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Yes, with the writer’s strike over, it’s time to finally bring back one of everyone’s favorite pieces from the old blog, a feature I called Random Person of the Week, where I would award the honor of internet mockery to a person I dealt with during the week who changed my life. And by changed my life, I mean, make me go, “what the hell is wrong with people?!”

This week’s winner: the young lady ahead of me in line at the Chinese food spot (I refuse to say restaurant, a restaurant has tables and you can consider eating in there. I heard they only recently took down the bulletproof glass. Gentrification, baby!) Anyway, after placing her order, she requests some fortune cookies.

She tears into them, and stares at her fortune. (Anyway, aren’t you supposed to eat them afteryour dinner? If I’m not mistaken, Confucius put down an official ruling on this one, right?) She looked confused, and her friend looked like he had no idea what she was talking about or reading. Finally, she comes over to me, I pause my podcast of Around The Horn, and I hear this:

“Excuse me. What does this mean?” She hands me her fortune, and I read:

“Don’t put all your eggs in one basket.” Stunned, I looked at this woman and said, “It means you should diversify.”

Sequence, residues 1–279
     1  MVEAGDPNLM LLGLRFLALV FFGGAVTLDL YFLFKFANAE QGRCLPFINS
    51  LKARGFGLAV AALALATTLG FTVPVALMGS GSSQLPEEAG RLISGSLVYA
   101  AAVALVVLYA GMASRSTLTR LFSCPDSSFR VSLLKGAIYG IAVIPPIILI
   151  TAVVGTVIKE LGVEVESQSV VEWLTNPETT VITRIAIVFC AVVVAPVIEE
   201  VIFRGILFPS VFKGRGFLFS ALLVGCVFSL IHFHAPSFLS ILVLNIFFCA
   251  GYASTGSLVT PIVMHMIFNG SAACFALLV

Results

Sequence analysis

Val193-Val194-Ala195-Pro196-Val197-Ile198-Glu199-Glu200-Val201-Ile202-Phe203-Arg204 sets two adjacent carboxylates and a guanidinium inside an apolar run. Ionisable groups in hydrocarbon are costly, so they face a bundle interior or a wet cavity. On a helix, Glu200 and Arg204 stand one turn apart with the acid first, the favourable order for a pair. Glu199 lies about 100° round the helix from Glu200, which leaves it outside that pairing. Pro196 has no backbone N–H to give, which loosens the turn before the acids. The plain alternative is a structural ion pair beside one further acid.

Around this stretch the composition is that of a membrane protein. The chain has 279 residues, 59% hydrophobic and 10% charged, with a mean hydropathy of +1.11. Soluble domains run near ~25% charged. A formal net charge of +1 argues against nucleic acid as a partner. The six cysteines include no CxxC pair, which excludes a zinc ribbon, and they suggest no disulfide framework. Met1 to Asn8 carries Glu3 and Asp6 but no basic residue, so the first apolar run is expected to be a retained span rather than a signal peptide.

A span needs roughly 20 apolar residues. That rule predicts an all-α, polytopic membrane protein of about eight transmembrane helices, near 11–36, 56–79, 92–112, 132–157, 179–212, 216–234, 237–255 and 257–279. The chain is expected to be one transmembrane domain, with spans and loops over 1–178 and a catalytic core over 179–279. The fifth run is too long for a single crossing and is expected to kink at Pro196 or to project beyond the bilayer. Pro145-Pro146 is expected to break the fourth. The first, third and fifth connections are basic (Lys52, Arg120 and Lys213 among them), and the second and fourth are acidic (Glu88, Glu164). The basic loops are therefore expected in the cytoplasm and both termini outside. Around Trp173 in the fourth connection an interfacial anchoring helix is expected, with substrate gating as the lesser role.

She turned away without a response, because, let’s face it, if she had no idea what one of the oldest cliches in the history of the English language meant, she wasn’t going to know what diversify meant. Stunned, I just sat down, waited for my sesame chicken combination plate, and wept for future generations.

So congratulations to The Woman Who Did Not Know What “Don’t Put All Your Eggs In One Basket” Meant. Not only did you become the first RPOW of the Well Whiskey Friday Era, you beat some pretty stiff competition to do it, like the Couple Who Wanted To Haggle About Ticket Prices At The Door and The Dodgy English Chick Who Tried To Make Out With Me At The Bar. Savor this victory, lady! Well, if you can even read this.



  1. I swear to God that I know the exact dodgy English chick of which you speak. It has to be.

  2. Was she accompanied by a rather large girl? I vaguely remember that her friend yelled at her about something else afterward.

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